If you are a property owner or buy to let landlord, one of the important questions is likely to be what the recent general election means for you and your investment.
Certainty and stability …
Probably the best news about the election result – and such a large majority for the new government – is the economic stability it is likely to bring. The commitment is to “getting Brexit done”, there is a deal on the table, and that element of certainty is already lending a boost to the markets.
As far as property prices are concerned, that means some release for the pent-up demand that characterised the housing market while the future of Brexit looked in doubt. Certainty stimulates movement because property owners prefer to be doing something rather than staying put, asserted a story – citing accountants Price Waterhouse Coopers (pwc) – in the Telegraph newspaper on the 13th of December.
… but there are other factors at play
Although markets may be breathing a sigh of relief about the passing shadow of Brexit, that is by no means the only factor affecting property prices.
The property market is fundamentally determined by affordability – what buyers can actually afford to pay. In the recent climate in which house prices have been rising faster than incomes, there are naturally fewer buyers capable of paying those prices.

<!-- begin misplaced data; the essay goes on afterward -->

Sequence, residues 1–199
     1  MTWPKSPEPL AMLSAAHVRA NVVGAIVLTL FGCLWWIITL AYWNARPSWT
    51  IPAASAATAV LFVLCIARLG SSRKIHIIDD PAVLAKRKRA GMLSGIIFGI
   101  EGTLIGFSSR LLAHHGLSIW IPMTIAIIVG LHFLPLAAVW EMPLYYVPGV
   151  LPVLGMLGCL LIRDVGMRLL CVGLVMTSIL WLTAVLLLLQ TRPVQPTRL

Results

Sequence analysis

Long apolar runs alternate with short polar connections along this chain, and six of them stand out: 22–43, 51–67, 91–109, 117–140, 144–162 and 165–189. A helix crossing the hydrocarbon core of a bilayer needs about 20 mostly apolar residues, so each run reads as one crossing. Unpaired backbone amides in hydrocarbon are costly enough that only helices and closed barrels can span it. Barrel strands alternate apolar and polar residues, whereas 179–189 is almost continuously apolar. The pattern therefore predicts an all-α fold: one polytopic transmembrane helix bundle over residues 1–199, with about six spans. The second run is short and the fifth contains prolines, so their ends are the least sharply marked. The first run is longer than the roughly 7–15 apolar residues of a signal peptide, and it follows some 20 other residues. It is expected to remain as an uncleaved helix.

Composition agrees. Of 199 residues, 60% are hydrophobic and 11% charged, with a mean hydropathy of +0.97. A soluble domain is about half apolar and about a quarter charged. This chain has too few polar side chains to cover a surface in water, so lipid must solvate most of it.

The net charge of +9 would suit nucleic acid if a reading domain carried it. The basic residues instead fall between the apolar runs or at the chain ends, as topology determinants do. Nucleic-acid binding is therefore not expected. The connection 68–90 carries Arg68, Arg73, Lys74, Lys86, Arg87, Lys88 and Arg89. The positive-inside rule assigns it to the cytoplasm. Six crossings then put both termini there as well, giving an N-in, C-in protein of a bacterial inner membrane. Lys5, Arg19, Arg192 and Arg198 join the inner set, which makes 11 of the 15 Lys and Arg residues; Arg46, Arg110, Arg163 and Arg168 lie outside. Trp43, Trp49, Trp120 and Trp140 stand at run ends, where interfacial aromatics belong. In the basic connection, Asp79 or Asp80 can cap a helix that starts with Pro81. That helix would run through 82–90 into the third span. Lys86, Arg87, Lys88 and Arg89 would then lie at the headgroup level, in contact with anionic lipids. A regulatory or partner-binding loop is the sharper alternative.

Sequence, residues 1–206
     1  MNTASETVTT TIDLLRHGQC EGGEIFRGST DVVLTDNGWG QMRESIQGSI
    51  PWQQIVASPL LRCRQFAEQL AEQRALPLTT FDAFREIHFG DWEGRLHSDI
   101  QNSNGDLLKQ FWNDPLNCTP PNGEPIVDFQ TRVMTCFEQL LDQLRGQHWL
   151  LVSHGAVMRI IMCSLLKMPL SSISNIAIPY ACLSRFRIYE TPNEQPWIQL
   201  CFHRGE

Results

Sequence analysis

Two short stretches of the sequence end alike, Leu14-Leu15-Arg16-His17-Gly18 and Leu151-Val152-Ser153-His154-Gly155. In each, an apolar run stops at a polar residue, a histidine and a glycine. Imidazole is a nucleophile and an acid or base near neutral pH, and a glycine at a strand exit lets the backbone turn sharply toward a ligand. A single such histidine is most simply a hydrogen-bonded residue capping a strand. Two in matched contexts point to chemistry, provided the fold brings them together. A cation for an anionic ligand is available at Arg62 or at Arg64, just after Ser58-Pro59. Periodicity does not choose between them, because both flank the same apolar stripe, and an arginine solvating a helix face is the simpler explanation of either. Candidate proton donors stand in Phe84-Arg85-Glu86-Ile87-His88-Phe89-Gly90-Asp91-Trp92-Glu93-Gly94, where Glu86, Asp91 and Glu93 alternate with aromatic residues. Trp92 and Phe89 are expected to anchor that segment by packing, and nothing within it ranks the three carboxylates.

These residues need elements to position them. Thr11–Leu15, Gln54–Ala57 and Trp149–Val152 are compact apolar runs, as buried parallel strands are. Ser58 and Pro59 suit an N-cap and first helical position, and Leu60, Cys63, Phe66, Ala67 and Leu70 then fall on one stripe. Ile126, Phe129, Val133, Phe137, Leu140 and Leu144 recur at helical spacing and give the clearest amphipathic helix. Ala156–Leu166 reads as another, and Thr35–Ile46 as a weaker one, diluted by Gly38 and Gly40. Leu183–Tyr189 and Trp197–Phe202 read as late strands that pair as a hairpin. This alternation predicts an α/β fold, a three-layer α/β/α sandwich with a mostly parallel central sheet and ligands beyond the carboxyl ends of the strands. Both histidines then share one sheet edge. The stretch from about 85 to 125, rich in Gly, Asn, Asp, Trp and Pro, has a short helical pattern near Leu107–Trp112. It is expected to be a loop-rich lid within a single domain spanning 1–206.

Furthermore, (as at the time of writing) the imposition of a surcharge on the Stamp Duty Land Tax means that you must pay 3% above the standard rate if you are buying a second home or, more critically for landlords, a buy to let property. In its manifesto, it was also proposed that an additional 3% surcharge would be placed on residential properties bought by both individuals and corporations based overseas.
In recent years, the Bank of England has also looked to cool what it considered to be an overheated buy to let market. It has done so by imposing much tougher affordability rules on mortgages for buy to let property – so dampening the ability of potential landlords to invest.
What it means specifically for landlords
Although landlords might look forward to a revitalised housing market as an impetus for investment – especially since demand continues to outstrip supply – planned legislation will go ahead.
For example, plans for the abolition of Section 21 “no-fault” evictions are still proposed. This forces landlords to rely on the often more long-winded – and expensive – Section 8 eviction and the need to prove a tenant has breached the terms of their tenancy.
And, with effect from the 1st of April 2020, any landlord must also ensure that the energy efficiency rating of any let property must achieve category E or above. It will become illegal to let properties achieving ratings of F or G.
2020 also marks the completion of a revised tax regime which completely removes any tax relief for landlords on the mortgage interest they pay, as a story in the financial pages of the Daily Mail reminded readers on the 13th of December 2019.